Sunday, November 23, 2014


SCRIPT FRENZY   Lydia Cornell shares her thoughts on writer's block.
(This is a reprint of the original article which appeared on Script Frenzy published by the Office of Letters and Light. SCRIPT FRENZY collapsed its website in 2014)
In March, during the storms of divorce, faced with looming book deadlines, I had been avoiding work, sitting in a catatonic state, staring at the TV, watching episodes of Agatha Christie’s Poirot. I couldn't get enough of the brilliant David Suchet and his mustache. Now I have to enter a 12-step program for addiction to this detective mystery that plants clues backwards and rarely has a linear plot. Poirot of all things!
“For the love of all that is holy,” my son said in his best imitation ofFamily Guy, “stop watching that boring show Mom. Aren’t you supposed to be writing your book?”
Teenagers are not nice people.
After a horrifying week of watching the Japanese nuclear reactor meltdown, our TV finally stopped working. The rainstorms had knocked out both internet and cable, and now I had no excuse not to write. It would have been a good thing if I had only used the storm properly. The day started out gray and cloudy and perfect! A wonderful, dark, rainy writing day. I was so excited, I kept repeating to myself: “I’m going to start writing in a minute… any minute now I’m going to start writing.”
“Okay, I’ll start after I get another cup of coffee.”
That’s when I accidentally wandered into the garage and found another set of unwatched Poirot DVDs buried inside a box of Christmas gifts I had forgotten to return.
“Okay, I’ll start writing after one more Poirot episode.
It was hours before I came out of the garage, having gone on a berserk treasure-hunting binge. We were out of red licorice (the 96 oz size) so I decided to go to Costco in Van Nuys, the end of the civilized world. I was so tired by the time I pulled into the parking lot that I climbed into the backseat of our minivan and took an hour-long nap.
Somehow, despite my son’s judgmental nagging, the writer’s block brought us closer. He actually hung out with me that week, did his homework in my room, and succumbed to the strange pull of Poirot. I think he liked the fact that I surrendered to TV-watching like a zombie, a droid, a neurosis-free blob of a mom.
It’s a good thing he didn’t know the truth: I was so deeply depressed and in such a dark place, I was losing faith in myself. What made it worse was that there were people in Japan who had lost everything, but they had more enthusiasm for life than I had.
At that moment, I sat up in bed and heard a voice, an inner voice, as if it was the most important question in the universe: What are you afraid of?
Writing is a spiritual process of letting go of fear of being judged.Embrace your defects; they are your greatest teachers. So now I view writer’s block as an important part of writing itself. Maybe we should rename it “gestation.” Thinking, going to the fridge, musing over ice cream flavors, watching Poirot— it’s all part of the birthing process.
But in the mortal realm, here is some practical advice: when you’re on a deadline, just sit down and turn on a kitchen timer. Set it for 20 minutes, and do not move until you’ve written a sentence, a paragraph or a page. Act as if a benevolent force of love exists that is always guiding you. Ask this force, the Universe, your Source, your loving higher Power, your inner-self, for the next indicated sentence. Write down the first thing that comes into your mind. This will help you to let go, face your writer’s block, and get back on track.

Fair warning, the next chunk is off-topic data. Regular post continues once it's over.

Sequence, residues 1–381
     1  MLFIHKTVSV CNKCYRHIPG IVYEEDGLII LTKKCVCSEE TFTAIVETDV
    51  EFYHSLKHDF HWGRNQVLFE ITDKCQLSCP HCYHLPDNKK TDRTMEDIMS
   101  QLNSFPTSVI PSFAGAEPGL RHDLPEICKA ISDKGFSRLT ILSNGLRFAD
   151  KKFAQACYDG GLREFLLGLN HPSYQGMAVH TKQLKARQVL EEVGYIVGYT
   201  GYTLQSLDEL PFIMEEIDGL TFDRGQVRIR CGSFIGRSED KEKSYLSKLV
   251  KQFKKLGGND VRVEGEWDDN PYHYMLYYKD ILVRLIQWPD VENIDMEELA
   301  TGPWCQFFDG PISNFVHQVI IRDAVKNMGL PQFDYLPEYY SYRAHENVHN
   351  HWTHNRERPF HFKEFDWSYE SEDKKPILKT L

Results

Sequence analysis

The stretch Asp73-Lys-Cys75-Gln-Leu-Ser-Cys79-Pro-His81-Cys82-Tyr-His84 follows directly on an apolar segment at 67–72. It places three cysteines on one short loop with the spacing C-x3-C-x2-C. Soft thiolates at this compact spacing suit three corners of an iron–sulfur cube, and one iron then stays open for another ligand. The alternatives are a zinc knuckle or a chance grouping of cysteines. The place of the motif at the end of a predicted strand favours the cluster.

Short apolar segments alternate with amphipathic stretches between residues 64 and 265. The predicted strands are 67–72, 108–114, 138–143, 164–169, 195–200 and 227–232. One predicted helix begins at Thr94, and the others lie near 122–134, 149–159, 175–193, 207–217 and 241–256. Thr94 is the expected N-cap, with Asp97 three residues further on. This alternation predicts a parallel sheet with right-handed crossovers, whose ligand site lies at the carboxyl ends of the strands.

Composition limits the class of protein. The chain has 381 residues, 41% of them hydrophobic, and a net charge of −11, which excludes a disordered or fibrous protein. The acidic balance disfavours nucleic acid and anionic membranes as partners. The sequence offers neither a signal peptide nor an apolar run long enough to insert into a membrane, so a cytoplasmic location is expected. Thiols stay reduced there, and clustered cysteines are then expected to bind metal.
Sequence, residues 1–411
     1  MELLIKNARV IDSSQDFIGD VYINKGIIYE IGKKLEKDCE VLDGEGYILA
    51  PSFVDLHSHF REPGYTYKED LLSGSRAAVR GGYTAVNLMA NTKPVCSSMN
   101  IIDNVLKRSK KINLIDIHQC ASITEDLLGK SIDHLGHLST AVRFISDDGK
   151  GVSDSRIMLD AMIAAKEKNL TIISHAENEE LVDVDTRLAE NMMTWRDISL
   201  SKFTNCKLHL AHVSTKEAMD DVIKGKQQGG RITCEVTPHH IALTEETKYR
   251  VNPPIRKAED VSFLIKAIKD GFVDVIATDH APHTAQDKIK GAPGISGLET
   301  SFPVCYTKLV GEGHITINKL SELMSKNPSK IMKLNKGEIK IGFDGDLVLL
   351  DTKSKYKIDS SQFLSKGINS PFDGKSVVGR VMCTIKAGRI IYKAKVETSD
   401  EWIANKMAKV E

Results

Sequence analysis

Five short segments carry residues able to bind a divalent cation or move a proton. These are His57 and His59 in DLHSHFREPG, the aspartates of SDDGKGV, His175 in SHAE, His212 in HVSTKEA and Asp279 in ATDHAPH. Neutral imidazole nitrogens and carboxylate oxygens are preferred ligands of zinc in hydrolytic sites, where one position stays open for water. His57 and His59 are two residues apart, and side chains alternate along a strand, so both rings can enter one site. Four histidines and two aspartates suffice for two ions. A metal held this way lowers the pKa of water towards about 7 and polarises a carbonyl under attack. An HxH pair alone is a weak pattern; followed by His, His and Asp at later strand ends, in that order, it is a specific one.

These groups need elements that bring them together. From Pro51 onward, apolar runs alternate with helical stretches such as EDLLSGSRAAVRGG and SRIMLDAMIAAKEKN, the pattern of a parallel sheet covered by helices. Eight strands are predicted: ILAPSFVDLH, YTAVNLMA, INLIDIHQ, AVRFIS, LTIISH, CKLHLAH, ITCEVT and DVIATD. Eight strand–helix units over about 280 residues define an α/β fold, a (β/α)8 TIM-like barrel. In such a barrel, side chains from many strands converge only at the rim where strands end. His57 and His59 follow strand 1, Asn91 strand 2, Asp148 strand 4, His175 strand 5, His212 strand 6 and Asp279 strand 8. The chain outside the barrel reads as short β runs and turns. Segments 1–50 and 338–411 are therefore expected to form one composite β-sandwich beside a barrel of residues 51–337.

Heaven for writers must be a place where we get all our unfinished projects done in peace; a place where no ego exists, no burden of self, where we can write without worrying about selling our work. Wouldn’t that be wonderful? All the scripts, novels, plays, and children’s books left in closets and drawers that have been haunting us could be set free, if we could write without fear of being judged.

AFI Best Actress nominee and People's Choice Award winner Lydia Cornell is best known for her starring role on the hit ABC series Too Close for Comfort, HBO's Curb Your Enthusiasm, Red Tide with James Earl Jones, and hundreds of TV shows and films. She wrote and produced the short film Venus Conspiracy, costarring with her TV sister Deborah Van Valkenburgh, and this will soon be a feature film. She has her own comedy channel and live talk show with Hell's Kitchen chefs, MTV stars and sports broadcasters 'Beats and Eats' a highly rated iTunes podcast and Stitcher award nominee. Cornell is an award-winning blogger, writer, director, playwright, comedienne, talk show host, teen mentor, and inspirational speaker. She is also women and children's advocate. Her articles have appeared in A&E Biography, Huffington Post, Editor & Publisher, Macon Daily, and Lone Star Icon. She is currently working on a series of books, which will be out in 2015.

Friday, November 14, 2014


We are back together: Lydia, Nick and T'y on

How can the TMZ  get away with this? Please LISTEN as we discuss my Secret Agent stalker, predators, help for women with cyberstalkers.. AirBNB, Interstellar, Portlandia and turning tragedy into comedy; net neutrality, politics by accident; The Girls Scandal Lena Dunham and our road trip to NEW ORLEANS!!  The truth is about to come out -- all about the criminal mind who stole my sanity and inserted himself into our case against organized criminals. This convicted felon/stalker/predator actually sued Kelsey Grammer and used my name for publicity -- convincing the press that I was suing Grammer — when I NEVER SUED KELSEY GRAMMER!  Because of the hardship, fraud and losses I was going through -- in addition to the gag order I had received from my own attorney — I was unable to talk about it until now.

Listen by clicking on any of these links: